A drug that destroys the characteristic protein plaques that build up in the brains of patients with Alzheimer's is showing "tantalising" promise, scientists say.
Experts are cautious because the drug, aducanumab, is still in the early stages of development.
But a study in Nature has shown it is safe and hinted that it halts memory decline.
Larger studies are now under way to fully evaluate the drug's effects.
The build-up of amyloid in the brain has been a treatment target for many years.
This study, of 165 patients, was designed to test aducanumab was safe to take.
After a year of treatment, it also showed the higher the dose the stronger the effect on amyloid plaques.
The researchers then carried out tests on memory and found "positive effects".
However, 40 people dropped out of the study, half because of side effects they experienced, such as headaches. These too were much more common with a higher dosage.
The next phase of research - phase 3 - involves two separate studies. These are recruiting 2,700 patients with very early stage Alzheimer's across North America, Europe and Asia in order to fully test the drug's effect on cognitive decline.
Dr Alfred Sandrock of the biotech company Biogen, which worked with the University of Zurich on the research, said: "Phase 3 really needs to be done and I hope it will confirm what we have seen in this study.
"One day I could envisage treating people who have no symptoms because if you have amyloid in the brain it's likely you'll develop Alzheimer's one day."
However, there have been many disappointments in Alzheimer's drug development, and it is over a decade since the last drug for people with the condition was licensed.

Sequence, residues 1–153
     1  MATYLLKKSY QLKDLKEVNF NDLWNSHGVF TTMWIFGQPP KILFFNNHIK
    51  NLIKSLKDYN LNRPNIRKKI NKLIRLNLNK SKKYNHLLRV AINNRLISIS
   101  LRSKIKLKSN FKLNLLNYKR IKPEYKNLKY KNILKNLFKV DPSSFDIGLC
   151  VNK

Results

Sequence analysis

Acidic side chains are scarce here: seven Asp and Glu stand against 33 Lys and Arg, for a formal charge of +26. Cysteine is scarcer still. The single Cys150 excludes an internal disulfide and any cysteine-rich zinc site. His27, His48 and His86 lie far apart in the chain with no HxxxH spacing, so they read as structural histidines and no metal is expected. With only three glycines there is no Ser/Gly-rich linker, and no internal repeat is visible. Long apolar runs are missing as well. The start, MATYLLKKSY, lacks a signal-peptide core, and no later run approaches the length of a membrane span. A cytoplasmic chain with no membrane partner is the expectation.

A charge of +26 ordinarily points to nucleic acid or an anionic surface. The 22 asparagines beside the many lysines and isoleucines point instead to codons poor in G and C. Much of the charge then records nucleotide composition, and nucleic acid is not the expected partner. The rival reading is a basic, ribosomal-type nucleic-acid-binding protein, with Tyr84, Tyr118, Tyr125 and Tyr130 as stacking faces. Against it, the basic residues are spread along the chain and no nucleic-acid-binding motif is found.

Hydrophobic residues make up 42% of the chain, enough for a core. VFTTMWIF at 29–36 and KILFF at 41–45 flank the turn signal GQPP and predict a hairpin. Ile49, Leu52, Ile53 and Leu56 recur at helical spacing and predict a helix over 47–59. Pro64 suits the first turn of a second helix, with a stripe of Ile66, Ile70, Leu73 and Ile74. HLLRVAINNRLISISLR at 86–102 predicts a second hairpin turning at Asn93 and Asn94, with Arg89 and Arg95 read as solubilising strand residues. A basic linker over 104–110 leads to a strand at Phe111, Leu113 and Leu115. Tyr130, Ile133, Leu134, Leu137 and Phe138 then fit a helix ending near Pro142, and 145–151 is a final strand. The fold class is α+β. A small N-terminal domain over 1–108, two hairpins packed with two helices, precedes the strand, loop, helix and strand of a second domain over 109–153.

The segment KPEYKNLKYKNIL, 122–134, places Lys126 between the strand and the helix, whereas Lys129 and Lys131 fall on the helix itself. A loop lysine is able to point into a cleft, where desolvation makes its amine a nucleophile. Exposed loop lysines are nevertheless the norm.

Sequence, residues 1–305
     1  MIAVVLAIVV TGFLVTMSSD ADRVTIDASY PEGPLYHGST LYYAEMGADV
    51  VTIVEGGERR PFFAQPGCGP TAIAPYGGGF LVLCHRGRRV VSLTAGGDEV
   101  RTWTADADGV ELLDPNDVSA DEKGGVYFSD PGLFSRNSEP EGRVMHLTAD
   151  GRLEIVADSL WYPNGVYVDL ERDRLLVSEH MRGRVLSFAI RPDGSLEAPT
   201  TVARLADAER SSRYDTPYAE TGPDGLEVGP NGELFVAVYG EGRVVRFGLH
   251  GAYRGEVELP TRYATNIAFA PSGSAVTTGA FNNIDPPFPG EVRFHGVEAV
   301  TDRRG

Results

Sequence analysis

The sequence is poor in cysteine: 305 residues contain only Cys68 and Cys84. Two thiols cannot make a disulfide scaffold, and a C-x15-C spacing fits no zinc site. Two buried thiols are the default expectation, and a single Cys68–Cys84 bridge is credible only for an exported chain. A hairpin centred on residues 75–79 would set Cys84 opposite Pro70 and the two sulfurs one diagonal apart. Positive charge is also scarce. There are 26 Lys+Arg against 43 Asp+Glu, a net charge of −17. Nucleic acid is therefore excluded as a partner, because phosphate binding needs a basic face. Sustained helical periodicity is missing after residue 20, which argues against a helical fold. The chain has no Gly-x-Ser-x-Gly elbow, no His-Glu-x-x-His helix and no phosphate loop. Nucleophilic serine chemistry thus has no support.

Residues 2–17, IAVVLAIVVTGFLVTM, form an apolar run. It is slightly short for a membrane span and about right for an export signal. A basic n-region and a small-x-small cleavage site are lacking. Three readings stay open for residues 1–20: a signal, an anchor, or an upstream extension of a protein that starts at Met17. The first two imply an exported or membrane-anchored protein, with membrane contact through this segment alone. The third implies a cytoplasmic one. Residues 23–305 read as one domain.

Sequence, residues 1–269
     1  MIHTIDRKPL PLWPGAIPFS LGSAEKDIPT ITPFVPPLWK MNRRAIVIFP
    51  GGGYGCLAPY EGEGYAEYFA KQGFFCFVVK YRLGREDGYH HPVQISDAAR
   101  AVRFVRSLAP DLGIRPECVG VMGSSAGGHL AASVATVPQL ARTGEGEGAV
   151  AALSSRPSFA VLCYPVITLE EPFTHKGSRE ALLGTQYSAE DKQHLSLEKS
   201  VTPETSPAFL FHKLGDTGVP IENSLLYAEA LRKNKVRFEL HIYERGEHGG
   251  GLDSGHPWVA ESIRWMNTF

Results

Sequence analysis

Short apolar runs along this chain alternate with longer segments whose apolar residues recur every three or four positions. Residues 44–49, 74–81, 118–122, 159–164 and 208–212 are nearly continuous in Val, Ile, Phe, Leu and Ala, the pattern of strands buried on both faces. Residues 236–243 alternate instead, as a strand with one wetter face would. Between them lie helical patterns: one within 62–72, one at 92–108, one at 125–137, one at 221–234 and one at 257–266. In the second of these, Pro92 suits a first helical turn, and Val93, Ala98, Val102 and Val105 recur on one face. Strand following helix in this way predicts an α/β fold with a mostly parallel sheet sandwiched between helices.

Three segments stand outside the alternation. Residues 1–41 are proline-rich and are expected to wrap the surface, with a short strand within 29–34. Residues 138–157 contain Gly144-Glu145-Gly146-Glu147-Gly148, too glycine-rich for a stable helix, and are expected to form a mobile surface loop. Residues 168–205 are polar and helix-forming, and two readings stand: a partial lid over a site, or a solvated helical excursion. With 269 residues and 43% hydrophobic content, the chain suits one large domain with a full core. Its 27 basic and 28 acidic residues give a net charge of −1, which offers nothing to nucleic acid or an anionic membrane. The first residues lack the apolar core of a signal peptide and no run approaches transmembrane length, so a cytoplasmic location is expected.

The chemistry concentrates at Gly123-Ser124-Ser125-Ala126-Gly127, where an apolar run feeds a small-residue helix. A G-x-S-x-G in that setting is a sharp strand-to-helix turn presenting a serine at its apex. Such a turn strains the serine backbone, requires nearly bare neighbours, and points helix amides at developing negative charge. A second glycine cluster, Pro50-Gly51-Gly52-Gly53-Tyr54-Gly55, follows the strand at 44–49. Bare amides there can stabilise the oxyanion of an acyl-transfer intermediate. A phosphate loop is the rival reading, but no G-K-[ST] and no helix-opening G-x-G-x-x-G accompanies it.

Other experts have welcomed this latest research - but with caution.
Dr David Reynolds, chief scientific officer at Alzheimer's Research UK, said the results provided "tantalising evidence that a new class of drug to treat the disease may be on the horizon".
And Dr James Pickett, head of research at the Alzheimer's Society, added: "What is most compelling is that more amyloid was cleared when people took higher doses of the drug.
"No existing treatments for Alzheimer's directly interfere with the disease process and so a drug that actually slows the progress of the disease by clearing amyloid would be a significant step."
However, Dr Tara Spires-Jones, of the Centre for Cognitive and Neural Systems at the University of Edinburgh, said: "I am cautiously optimistic about this treatment, but trying not to get too excited because many drugs make it through this early stage of testing then go on to fail in larger trials."
And John Hardy, professor of neuroscience at University College London, said: "These new data are tantalising but they are not yet definitive."